"Got possibly transient SQL error " + sqlState, e);
            if (sqlState.startsWith(s))
                return true;
        }
        return false;
    }

Idle in transaction

We really need a page on "idle in transaction", long running transactions, etc. Ideally it needs to cover version differences.

Relevant thread begins msgid <4B21737B.50009@hogranch.com> subject "[JDBC] Connection.setReadOnly()" date 11 dec 2009.

Recent mail from Tom Lane that's relevant (Message-ID: <17892.1260545186@sss.pgh.pa.us>):

Craig Ringer <craig@postnewspapers.com.au> writes:
> > Does Pg have issues with long-running read-only transactions in
> > read-committed mode? Or are they an exception to the usual "avoid
> > long-running mostly-idle transactions" guideline?

> > Pg doesn't have to worry about retaining old rows in vacuum with such a
> > statement, because each new statement creates a new snapshot, so if it's
> > idle it effectively has _no_ snapshot and vacuum is free to clear old
> > rows. It doesn't need to keep track of anything to roll back, since the
> > transaction is read only.

As of 8.4, I think the above statements are true.  In prior releases,
transactions just advertised the age of their first snapshot, so an
open transaction created an issue for VACUUM regardless of whether
it was serializable or not.  8.4 has more bookkeeping that allows a
transaction to report that it currently has no live snapshots.

			regards, tom lane

Setting up privileges

Guide to setting privileges in a db - ie db lockdown.

Explain roles, users, database objects, grants. Explain grants always additive, no negative "deny" privs.

Explain default security structure, how it works in terms of roles. Revoke all from public on database, public schema. Make basic user with connect and temp rights, usage rights on public schema. Make special roles for particular abilities, and admin role with all special roles. Mention functions default to public EVEN IF SECURITY DEFINER. Since funcs default to public execution, triggers are ok. Beware security definer triggers may be added by user to their own tables in attempt to exploit, so write carefully and/or check target table in trigger.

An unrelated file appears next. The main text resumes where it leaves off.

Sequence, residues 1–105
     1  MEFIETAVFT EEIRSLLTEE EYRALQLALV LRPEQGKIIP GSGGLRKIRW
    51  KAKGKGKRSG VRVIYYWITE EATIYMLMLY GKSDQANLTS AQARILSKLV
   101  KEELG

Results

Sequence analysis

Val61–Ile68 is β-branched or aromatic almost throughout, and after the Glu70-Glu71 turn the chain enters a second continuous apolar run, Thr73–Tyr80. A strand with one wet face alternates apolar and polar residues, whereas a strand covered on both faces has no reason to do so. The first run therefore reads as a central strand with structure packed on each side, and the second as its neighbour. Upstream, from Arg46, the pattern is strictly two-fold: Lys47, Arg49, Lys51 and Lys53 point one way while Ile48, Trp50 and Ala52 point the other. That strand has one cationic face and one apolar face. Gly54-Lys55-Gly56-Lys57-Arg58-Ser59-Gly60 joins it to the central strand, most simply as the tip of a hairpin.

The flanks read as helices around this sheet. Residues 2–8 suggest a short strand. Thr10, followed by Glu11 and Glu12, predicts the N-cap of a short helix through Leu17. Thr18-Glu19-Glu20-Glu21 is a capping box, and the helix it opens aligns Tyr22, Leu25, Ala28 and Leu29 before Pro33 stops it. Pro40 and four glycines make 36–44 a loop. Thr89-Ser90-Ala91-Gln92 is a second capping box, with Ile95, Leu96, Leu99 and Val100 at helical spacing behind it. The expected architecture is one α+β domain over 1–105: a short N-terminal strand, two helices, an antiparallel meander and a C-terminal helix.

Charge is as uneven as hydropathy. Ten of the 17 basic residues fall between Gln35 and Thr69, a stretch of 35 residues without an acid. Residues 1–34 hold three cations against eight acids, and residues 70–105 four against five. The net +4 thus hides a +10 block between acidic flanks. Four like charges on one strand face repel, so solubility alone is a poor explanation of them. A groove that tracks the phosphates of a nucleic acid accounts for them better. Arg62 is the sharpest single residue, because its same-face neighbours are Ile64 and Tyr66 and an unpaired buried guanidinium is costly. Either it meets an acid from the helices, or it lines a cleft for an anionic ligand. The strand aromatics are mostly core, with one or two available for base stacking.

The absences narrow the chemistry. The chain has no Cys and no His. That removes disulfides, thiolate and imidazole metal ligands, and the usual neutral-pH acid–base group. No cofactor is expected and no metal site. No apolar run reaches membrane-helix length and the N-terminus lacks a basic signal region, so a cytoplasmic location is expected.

Note that with 8.4 column privs, triggers may set columns that the user themselves do not have the rights to set.

Mention 8.5's ALTER DEFAULT PRIVELEGES ( http://developer.postgresql.org/pgdocs/postgres/sql-alterdefaultprivileges.html )

Make yourdbowner role, and another role like canbecomeyourdbowner that has it and is NOINHERIT. That way you can grant the ability to SET ROLE to the dbowner to users without making them run constantly as dbowner. Kind of like passwordless sudo.

Create all objects as yourdbowner using SET ROLE before all create scripts. Add explicit GRANTs of rights to basic user role, plus special roles, as appropriate for depending on security design. Remember to GRANT USAGE ON SEQUENCE ... wherever you GRANT INSERT to a role on a table that uses that sequence as a defaults source. You can use column privs in 8.4 for more fine-grained access (highly recommended) - but discuss col privs inclusive only, no exclusive form.

Create your users, using IN ROLE ... and INHERIT. Grant extra special rights roles to users as appropriate. Never grant rights on objects directly to users, always use a role.

In your application, use information_schema.enabled_roles and information_schema.applicable_roles to decide user privs. Rely on db enforcement, app should only use info schema for ui decisions and user guidance (hide or disable options they can't perform etc).